The Women In Prison Advocacy Network (WIPAN) works to raise awareness of and progress the cultural, social, economic and political inequalities that exist for criminalised women and female youth by addressing the policies and practices that sustain these injustices. WIPAN takes a grassroots approach to addressing women's and young women's social justice issues by directly engaging women and female youth post-release. more »
WIPAN meets with Royalty, Her Royal Highness the Duchess of Cornwall

WIPAN meets with Royalty

WIPAN was honoured to attend a lunchtime reception at Government House on Friday 9th November, with Her Royal Highness the Duchess of Cornwall to honour the mentoring of women and girls in Australia.

WIPAN was most fortunate to meet and talk briefly with Her Royal Highness the Duchess of Cornwall, Camilla and Her Excellency Professor Marie Bashir, who were both very impressed with the work WIPAN is doing mentoring women affected by the criminal justice system.

Clover Moore, The Lord Mayor of Sydney, supports the work of the Women in Prison Advocacy Network. The Lord Mayor's Salary Trust has generously endorsed the work of the WIPAN Mentoring Program with a grant for 2013.
  • Women in NSW are being incarcerated at an unprecedented rate (particularly Aboriginal and Torres Strait Islander Women), far surpassing that of men.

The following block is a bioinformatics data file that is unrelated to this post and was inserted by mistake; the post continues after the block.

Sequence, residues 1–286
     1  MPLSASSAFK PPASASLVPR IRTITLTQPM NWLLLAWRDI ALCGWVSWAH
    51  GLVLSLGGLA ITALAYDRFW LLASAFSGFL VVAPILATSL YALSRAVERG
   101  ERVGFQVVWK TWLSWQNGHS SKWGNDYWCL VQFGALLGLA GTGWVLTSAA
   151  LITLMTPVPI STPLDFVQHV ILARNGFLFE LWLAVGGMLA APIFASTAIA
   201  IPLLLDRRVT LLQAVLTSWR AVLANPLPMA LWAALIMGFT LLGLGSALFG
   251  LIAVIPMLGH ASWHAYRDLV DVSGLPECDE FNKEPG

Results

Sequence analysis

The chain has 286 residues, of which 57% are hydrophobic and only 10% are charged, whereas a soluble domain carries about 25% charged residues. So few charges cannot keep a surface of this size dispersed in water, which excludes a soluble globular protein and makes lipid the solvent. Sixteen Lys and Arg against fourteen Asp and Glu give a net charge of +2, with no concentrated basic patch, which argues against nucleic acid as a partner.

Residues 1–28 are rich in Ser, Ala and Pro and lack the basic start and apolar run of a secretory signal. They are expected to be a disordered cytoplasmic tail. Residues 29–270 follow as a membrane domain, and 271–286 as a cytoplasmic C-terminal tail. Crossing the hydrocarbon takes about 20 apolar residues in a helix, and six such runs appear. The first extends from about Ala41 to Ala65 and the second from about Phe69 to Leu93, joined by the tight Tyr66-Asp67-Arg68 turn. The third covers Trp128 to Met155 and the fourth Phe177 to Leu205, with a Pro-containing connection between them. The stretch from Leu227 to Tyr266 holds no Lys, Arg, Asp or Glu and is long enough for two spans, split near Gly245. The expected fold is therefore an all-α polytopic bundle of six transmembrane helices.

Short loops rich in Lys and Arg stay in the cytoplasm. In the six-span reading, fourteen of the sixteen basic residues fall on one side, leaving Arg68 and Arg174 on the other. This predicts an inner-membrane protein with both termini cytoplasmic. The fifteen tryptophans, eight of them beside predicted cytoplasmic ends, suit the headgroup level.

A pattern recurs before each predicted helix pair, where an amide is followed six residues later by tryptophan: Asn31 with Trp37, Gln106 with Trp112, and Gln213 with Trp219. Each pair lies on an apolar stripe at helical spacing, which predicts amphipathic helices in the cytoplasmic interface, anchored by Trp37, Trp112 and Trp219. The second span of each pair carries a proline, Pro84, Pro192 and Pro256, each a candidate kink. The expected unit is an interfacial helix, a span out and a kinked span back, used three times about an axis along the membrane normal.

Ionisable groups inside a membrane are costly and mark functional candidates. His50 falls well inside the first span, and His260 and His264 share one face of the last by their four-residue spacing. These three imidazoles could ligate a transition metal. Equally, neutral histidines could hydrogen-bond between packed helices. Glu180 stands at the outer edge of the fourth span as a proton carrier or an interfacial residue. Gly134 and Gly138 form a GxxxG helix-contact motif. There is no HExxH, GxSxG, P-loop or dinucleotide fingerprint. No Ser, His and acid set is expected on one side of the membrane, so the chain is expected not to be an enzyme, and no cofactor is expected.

• Women in the criminal justice system face unique challenges that are much greater and more complex than those of men.
  • Women in prison experience higher levels of substance abuse; increased rates of infection from blood borne viruses, experience more mental illness and are more likely to inflict self-harm than men.
  • The majority of women prisoners come from deeply disadvantaged backgrounds. Many report having experienced incidence of past childhood and adulthood sexual, emotional and physical abuse.
  • Women prisoners confront unique challenges as the primary carers for their children. As a consequence the emotional, social and economic costs for mothers, children and families can be extensive.
  • Almost two-thirds of women prisoners serve sentences less than 6 months for minor offences, many of which serve lengthy periods on remand whilst awaiting trial, leaving very little opportunity for rehabilitative intervention.